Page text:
• BISO link: https://tuc.campusgroups.com/biso/home/

New ‘Street Medicine’ elective eyes curbside treatment

While Touro University California’s different healthcare programs might be divided into different specialties, the basic theme unifying all of them is the students’ general desire to help vulnerable populations.

A new elective being offered, called ‘Street Medicine’ opens the door for students to learn how to treat the most vulnerable of populations, those living in curbside communities, where access even to something as simple as a neighborhood free clinic is inhibiting.

Dr. Michele Bunker-Alberts has spearheaded the effort for this elective, which grew out of her previous experiences with curbside clinics in both Oakland and Vallejo, and more recent work with Project Roomkey.

Street Medicine ElectiveThe obstacles to care for unhoused populations are numerous, Dr. Bunker-Alberts explained.

“I knew this had to be part of the curriculum,” Dr. Bunker-Alberts said. “We can’t just treat people when they come to the clinic.” Often the best way to do that is to take the clinic to them.

The 1-unit elective will feature lectures and clinical hours at various sites, with a percentage of the instruction focused on how to interact with and understand the circumstances affecting people in these curbside communities.

What makes the elective unique for Touro is that it is available to any student enrolled in a health science program, meaning it’s possible and likely students from nursing, medicine, the PA program and pharmacy will all be working collaboratively in these clinical settings.

“These are student-centered courses and they’re sought after,” Dr. Bunker-Alberts said. More than a dozen students have already inquired about the class and there is some consideration to offering the course in a micro credential format, as well.

Along with learning how to work with this population, the students will also have a rare opportunity to work with students from other programs in a way they would in a professional setting.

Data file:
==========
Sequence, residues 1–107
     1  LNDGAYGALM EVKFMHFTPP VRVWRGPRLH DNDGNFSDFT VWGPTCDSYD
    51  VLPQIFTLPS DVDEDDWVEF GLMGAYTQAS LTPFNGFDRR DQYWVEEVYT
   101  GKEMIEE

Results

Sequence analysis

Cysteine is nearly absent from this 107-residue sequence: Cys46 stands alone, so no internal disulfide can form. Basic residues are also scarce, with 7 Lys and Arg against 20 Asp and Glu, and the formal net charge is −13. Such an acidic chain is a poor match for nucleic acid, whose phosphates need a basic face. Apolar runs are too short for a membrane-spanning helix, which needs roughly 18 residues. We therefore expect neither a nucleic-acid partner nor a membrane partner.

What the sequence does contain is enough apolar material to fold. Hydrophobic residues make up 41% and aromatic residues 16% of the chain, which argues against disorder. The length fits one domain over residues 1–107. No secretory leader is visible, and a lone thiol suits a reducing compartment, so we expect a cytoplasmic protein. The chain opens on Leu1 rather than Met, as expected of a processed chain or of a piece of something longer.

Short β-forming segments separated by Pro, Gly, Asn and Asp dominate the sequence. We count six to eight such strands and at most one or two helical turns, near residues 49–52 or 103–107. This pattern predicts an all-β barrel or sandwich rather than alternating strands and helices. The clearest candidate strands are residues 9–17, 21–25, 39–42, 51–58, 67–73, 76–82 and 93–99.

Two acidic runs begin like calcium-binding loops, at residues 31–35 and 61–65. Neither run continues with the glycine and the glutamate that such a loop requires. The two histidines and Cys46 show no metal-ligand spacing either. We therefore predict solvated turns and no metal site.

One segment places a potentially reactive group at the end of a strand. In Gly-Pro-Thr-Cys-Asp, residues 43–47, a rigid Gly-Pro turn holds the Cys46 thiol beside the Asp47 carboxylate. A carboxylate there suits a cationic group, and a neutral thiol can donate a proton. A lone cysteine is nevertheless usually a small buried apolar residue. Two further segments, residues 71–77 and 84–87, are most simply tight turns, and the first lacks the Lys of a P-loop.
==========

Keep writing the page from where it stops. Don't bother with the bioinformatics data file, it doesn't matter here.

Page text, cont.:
For the residents of these curbside communities, the opportunity is there to get medical attention that might otherwise be lacking.

“It’s not just about helping to make people not be sick, but standing beside them to help ensure they achieve their goals for health,” Dr. Bunker-Alberts said. “That’s really the big goal.”

On Guard! PA opens pipeline to attract National Guard Soldiers

Touro University California’s campus is a located on the former Mare Island Shipyard Navy base. Faculty at the Physician Assistant program are hoping that could make some potential students feel right at home.

The PA program recently created an agreement with the California Army National Guard to reserve up to five interview slots for Army National Guard members – provided the prospective students meet the minimum admissions requirements into the program.

PA Program Director Joy Moverley said the interview experience can sometimes be helpful to both the student and program.

“Sometimes the application appears a certain way on paper but then it’s a different situation when you interview them,” Moverley said. “It can be very helpful to talk directly to that person.”

National GuardA veteran of the California Army National Guard herself, Moverley wanted to create a pathway to engage this potential pool of students and positively affect the communities where these Guardsmen live.

“I wanted to get more of these citizen soldiers involved in our program,” Moverley said. “Those are the people who are going to stay in the area and serve these communities.”

Moverley hopes this pathway can help serve the program’s mission of training PAs to go into underserved areas, one of which being the veteran’s population. Veterans aren’t always likely to seek out health services but do often prefer to work with other veterans, Moverley said.